Here’s a basic, “step-one” kind of fitness tip, a sprint routine that can serve as anyone’s foray into the world of sprint workouts. More efficient than jogging or walking, sprinting takes less time out of your schedule but requires that you work at full-effort for the duration of the workout.
Sprinting is the best variation of running-based exercise that there is, better than distance running and better than walking, and is certainly better than any form of machine-based cardio. But to get the most out of any sprint routine you truly must be able to run with 100% effort for the duration of the selected distance. For those of you who are used to your distance runs and walks, making the switch to sprinting can be a daunting task from both mental and physical standpoints.
Sprinting at 100% requires a physical and mental effort that is very different from the kind of effort required to jog. For most folks, it’s been so long since they sprinted – if they ever did – that their body and minds have forgotten how to do it. So in addition to my little endorsement here, I’m going to provide you with the most basic of sprint-based workouts and a few tips to help you make this transition to a more athletic, and ultimately more enjoyable and productive, kind of workout.
One basic rule of thumb that anyone can follow in order to design their own sprint-based workout is that for every second that you spend sprinting at 100% you rest for 6-10 seconds. For starters, keep the sprint duration at a maximum of 6 seconds and use the maximum rest period as well. Now I know you are all smart enough to figure this out for yourselves, but following this guideline you’d sprint for 6 seconds and rest for 60 seconds. Technically, this is called the “work-to-rest” ratio.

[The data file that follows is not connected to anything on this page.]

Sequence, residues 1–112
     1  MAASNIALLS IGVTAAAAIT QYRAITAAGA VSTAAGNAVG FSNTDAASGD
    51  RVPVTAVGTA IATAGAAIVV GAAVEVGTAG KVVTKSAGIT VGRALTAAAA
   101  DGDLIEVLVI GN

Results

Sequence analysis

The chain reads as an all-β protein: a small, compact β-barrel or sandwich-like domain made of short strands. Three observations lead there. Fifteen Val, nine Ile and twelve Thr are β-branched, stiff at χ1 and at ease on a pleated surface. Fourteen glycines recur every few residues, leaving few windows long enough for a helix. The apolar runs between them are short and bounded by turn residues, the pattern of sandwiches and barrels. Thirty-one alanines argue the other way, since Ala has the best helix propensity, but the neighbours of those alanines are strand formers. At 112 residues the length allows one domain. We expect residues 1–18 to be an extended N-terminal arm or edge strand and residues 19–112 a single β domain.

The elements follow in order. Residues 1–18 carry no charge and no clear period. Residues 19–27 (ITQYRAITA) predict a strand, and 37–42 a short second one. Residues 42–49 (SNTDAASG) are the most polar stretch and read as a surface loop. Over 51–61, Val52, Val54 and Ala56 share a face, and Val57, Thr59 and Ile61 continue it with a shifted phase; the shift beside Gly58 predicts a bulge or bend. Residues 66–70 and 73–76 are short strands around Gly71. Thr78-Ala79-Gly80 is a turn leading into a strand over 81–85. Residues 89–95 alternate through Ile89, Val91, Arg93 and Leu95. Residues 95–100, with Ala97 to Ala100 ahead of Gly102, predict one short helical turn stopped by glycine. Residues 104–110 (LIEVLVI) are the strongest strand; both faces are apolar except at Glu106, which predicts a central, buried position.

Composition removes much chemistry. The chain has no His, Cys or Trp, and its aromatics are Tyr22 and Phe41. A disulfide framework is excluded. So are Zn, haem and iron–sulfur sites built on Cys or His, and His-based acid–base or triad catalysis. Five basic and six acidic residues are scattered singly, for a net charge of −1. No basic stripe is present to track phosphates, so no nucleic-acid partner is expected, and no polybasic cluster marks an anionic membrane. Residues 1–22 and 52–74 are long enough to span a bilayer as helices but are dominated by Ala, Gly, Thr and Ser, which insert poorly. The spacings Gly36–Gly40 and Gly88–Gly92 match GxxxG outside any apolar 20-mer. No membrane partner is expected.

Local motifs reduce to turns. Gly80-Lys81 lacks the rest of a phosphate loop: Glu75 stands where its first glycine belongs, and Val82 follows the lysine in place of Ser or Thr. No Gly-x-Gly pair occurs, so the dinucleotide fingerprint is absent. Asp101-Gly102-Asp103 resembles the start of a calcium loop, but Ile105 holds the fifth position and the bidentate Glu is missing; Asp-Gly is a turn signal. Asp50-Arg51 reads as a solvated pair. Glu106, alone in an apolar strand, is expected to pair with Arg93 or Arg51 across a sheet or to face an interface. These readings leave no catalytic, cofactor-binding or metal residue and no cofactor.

After warming up with some light jogging for a couple of minutes, calisthenics and dynamic flexibility work, perform 2-3 sprints at about 75% effort to get your body used to the new “sprint stride” that you will be using. If you’ve been jogging, or just haven’t sprinted in a while, concentrate on, even over-exaggerate, getting your knees high, leaning your body slightly forward and pumping your arms in conjunction with your sprint strides. Stay on the balls of feet, and try to bounce a little as you stride. Don’t be “heavy-footed” and stomp your feet, or come down heels first when sprinting.
For your first workout, shoot for a minimum of six sprints with a maximum of 8, and be strict with the rest periods. Just because you may not feel winded after the first two sprints, don’t shorten the rest period. Be patient. Because of the complex way the body fuels itself during this kind of activity, you want to condition your body to work efficiently along the lines of this work-to-rest ratio. Don’t focus on a distance, but on the time you spend sprinting.
Sticking to the guidelines mentioned above, a workout consisting of 8 sprints of 6-seconds in duration each, with a 60-second rest in between takes 8-minutes to finish. The wear and tear on the body will be much less than it would be if you jogged for 8-minutes – let alone 30-minutes – as the total time spent running is 48-seconds. The intensity level that the body must contend during a sprint workout is more beneficial to improving your overall level of fitness than is the low-intensity exercise provided by jogging or walking. The high-intensity nature of a sprint workout makes this form of running the most efficient and effective form of cardiovascular training. With the added benefit of drastically reducing the amount of stress placed on the body, everyone should incorporate sprint training into their routine.